China, which has had an up-and-down relationship with the U.S. entertainment industry, became the latest country to offer a key regulatory framework in its first-ever case dealing with NFTs and the copyright violations they are sometimes saddled with.
Robert J. Anello and Richard F. Albert
The purpose behind the Biden Administration's proposals to seize assets of Russian oligarchs is to punish a specific action by a state actor — Russia’s invasion of Ukraine. The proposals, however, do not appear to be limited to this conduct alone and would outlast Russia’s invasion. In times of war, it at least arguably may be appropriate to pass laws to expand the executive’s authority to address specific hostile conduct. Such laws, however, should end with the conflict.
Jeff Pade and Lindsey Dieselman
Two recent Chinese laws — the Data Security Law (DSL) and the Personal Information Protection Law (PIPL) — include provisions aimed at restricting the cross-border transfer of China-based data foreign enforcement and judicial authorities. U.S. courts have not yet addressed whether these data protection and privacy laws could bar the production of documents in civil contexts involving governmental litigants or in criminal proceedings.
After a raft of debilitating Western sanctions on Russia and the exodus of global firms from Moscow, Russia-originating cyber attacks are a growing concern among law firms, as the war delivers the loudest reminder yet to both firms and their clients that they must be prepared.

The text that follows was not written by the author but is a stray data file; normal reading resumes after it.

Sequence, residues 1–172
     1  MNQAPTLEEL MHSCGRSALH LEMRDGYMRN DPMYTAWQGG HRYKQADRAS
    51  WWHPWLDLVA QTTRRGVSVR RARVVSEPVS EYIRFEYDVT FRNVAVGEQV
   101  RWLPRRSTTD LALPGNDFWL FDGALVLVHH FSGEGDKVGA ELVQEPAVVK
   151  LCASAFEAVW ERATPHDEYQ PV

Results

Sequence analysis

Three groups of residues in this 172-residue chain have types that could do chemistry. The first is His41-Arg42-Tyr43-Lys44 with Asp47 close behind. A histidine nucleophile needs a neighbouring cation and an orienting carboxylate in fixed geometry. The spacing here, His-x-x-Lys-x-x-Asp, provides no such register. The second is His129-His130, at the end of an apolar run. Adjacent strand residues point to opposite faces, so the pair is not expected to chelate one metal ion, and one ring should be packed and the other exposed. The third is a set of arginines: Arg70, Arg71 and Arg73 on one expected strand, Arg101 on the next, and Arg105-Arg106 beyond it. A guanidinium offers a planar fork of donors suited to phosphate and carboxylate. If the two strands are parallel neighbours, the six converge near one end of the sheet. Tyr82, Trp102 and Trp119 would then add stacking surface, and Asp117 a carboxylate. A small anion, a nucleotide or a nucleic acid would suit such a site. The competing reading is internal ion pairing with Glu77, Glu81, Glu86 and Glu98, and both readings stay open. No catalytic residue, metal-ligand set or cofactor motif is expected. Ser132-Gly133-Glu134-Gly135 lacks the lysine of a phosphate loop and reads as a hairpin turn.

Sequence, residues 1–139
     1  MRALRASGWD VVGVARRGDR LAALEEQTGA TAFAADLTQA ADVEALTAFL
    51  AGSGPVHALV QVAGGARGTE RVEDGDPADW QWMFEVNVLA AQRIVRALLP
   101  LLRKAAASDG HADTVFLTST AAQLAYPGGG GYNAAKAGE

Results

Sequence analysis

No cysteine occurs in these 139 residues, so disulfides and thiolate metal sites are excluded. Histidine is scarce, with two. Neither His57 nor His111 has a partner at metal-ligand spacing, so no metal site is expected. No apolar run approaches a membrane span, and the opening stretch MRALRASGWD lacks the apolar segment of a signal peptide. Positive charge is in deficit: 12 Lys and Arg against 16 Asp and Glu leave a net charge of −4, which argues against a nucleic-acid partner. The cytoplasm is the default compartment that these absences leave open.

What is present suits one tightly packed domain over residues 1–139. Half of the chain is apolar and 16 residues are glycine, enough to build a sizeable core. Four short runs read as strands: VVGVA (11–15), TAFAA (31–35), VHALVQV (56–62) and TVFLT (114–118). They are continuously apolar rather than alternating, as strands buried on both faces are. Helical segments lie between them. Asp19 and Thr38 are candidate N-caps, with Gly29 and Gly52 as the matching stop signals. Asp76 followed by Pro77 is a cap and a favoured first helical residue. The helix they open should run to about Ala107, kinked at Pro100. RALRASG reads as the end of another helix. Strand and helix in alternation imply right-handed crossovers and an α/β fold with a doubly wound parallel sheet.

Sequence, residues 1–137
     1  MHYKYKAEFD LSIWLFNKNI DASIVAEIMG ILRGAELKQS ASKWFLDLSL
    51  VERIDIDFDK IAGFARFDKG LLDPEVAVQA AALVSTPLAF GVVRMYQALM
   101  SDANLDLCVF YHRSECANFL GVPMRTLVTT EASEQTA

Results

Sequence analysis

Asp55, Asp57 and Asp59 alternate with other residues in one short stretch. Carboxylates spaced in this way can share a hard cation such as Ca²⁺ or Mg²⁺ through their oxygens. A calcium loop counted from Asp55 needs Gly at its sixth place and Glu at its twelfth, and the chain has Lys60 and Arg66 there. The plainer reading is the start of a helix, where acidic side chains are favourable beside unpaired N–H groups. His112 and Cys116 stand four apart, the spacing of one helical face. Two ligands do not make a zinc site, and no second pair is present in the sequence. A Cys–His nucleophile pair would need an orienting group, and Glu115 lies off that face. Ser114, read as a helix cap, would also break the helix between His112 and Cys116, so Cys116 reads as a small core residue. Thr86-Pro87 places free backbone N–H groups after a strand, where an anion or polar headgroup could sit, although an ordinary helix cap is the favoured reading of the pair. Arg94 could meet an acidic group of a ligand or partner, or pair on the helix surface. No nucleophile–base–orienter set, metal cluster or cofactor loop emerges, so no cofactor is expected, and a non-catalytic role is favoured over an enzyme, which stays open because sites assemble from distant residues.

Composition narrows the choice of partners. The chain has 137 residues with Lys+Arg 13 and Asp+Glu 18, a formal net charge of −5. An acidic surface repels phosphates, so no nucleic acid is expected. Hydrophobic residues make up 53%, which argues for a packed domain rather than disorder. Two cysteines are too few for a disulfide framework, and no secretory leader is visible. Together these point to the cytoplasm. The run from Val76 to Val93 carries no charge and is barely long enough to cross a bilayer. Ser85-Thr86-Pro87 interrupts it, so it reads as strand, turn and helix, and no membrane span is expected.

Harry Sandick and George Carotenuto
In recent years, mostly due to the well-publicized prosecution of Trump campaign manager Paul Manafort, FARA has become more of a focus for federal prosecutors. As a result, white-collar attorneys have been consulted more often about whether particular conduct requires registration under the Act.
This article addresses some issues to consider, including foreign arrest procedures, contesting extradition, and engaging with prosecutors before a defendant arrives in the United States.
Francis J. Lawall and Patrick M. Ryan
At first glance, Chapter 15 might appear to have the relatively minor role of staying actions against U.S. assets while the main foreign proceeding moves forward. However, as one recent case out of the Southern District of New York demonstrates, Chapter 15 carries the potential to significantly impact not only the main foreign bankruptcy, but civil litigation in the United States as well.
Devin Chwastyk and Christian Wolgemuth
The Personal Information Protection Law of the People’s Republic of China (PIPL) went into effect on Nov. 1 and brought with it a suite of new requirements and lingering questions.
Lanier Saperstein and Samuel Hickey
One provision of the AMLA was added with little fanfare and minimal discussion, yet it could have a significant impact on foreign financial institutions doing business in the United States.
Nyana Abreu Miller and Raul Torrao
After years of debate, Brazil recently enacted legislation amending its bankruptcy statute and modernizing the Brazilian insolvency system.